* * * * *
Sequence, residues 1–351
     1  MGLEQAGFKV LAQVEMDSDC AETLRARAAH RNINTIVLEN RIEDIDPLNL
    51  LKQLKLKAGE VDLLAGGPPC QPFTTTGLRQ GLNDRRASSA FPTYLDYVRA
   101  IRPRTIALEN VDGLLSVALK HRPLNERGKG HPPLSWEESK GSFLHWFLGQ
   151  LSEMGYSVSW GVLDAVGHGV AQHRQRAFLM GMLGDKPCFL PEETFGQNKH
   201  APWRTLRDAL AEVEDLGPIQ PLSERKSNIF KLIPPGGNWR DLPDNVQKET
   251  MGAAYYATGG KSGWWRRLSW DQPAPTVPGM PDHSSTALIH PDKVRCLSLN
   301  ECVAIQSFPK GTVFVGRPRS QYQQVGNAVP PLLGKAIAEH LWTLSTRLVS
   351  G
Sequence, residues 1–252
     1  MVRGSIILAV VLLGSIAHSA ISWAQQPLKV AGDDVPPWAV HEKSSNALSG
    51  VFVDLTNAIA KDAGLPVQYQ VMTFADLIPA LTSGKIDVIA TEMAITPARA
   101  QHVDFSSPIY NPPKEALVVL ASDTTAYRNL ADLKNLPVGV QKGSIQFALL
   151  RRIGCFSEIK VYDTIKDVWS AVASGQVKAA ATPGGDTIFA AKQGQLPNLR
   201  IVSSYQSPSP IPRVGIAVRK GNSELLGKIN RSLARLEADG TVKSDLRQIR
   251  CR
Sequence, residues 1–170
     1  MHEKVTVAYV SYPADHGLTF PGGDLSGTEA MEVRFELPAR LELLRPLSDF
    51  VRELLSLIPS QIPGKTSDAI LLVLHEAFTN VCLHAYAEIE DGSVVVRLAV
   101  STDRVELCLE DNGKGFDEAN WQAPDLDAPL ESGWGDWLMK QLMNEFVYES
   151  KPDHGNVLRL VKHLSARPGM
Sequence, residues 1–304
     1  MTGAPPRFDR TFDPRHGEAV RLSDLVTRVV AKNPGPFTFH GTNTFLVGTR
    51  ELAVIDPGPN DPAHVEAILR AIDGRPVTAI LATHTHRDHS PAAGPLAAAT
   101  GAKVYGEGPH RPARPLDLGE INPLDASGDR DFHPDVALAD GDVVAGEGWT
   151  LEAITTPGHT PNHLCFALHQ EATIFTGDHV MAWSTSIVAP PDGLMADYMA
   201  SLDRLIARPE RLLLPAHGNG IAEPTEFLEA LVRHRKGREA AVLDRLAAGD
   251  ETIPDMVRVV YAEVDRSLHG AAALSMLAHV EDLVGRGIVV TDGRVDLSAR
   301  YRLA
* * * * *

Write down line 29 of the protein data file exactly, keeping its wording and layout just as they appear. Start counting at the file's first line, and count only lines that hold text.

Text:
   301  YRLA